New York Targets Chronic Absenteeism in Its ESSA Plan: 4 Things Research Shows About Attendance
- An estimated 5 million to 7.5 million students miss 18 or more days of a school year, according to the U.S. Department of Education.
- An October report released by the Hamilton Project of the Brookings Institution shows that student attendance is linked to a variety of positive outcomes. One example: High attendance correlates with higher rates of student growth:
- Unlike other school climate measures, which typically involve surveys that could easily be skewed or manipulated, proponents of accountability see attendance as a less fudgable measure. After all, attendance is much more objective — either students are in school or they’re not.
- Some experts caution that chronic absenteeism may be correlated with factors out of schools’ control, penalizing them for taking in students in poverty, for example. Using a metric correlated with poverty could have a number of unintended consequences, such as identifying the wrong schools for sanction or dissuading teachers from working with the neediest students. On the other hand, targeting additional resources and support for disadvantaged schools may be especially helpful.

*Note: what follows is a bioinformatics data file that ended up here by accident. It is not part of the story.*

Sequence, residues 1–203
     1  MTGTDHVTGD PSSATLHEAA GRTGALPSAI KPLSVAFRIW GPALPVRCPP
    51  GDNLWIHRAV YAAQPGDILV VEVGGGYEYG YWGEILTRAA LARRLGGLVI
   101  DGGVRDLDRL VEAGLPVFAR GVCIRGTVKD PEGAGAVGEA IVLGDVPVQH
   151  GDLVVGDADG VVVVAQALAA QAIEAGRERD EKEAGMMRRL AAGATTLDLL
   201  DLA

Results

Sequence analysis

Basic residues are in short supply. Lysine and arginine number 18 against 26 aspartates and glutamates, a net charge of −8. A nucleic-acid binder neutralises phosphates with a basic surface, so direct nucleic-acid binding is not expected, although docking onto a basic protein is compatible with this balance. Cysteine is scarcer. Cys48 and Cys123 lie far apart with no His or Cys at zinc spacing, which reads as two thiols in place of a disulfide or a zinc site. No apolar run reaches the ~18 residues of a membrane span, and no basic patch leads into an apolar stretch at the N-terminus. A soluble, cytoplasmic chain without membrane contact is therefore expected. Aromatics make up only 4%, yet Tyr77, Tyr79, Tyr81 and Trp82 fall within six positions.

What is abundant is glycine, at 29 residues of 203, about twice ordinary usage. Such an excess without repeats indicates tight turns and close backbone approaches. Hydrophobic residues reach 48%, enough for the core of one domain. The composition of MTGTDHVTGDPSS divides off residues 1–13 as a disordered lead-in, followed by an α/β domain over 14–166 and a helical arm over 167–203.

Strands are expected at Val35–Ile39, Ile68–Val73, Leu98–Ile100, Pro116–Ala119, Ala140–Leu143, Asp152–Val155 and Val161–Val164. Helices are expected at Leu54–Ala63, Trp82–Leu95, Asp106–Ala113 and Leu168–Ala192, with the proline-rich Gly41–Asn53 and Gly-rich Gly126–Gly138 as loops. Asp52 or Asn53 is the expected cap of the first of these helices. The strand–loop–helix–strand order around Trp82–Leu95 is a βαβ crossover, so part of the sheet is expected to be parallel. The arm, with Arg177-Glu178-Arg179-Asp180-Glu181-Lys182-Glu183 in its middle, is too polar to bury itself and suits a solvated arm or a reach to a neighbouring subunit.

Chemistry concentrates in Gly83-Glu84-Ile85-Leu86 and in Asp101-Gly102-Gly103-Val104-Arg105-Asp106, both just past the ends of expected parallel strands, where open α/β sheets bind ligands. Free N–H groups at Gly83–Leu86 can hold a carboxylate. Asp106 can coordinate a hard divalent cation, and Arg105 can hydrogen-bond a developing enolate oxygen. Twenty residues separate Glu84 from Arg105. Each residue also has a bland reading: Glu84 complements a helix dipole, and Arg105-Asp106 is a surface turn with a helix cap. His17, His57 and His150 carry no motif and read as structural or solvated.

Read Matt Barnum’s full report — “Hard to Game, Easy to Use: Chronic Absenteeism Gains Ground as New ESSA Measure of Student Success”Submit a Letter to the Editor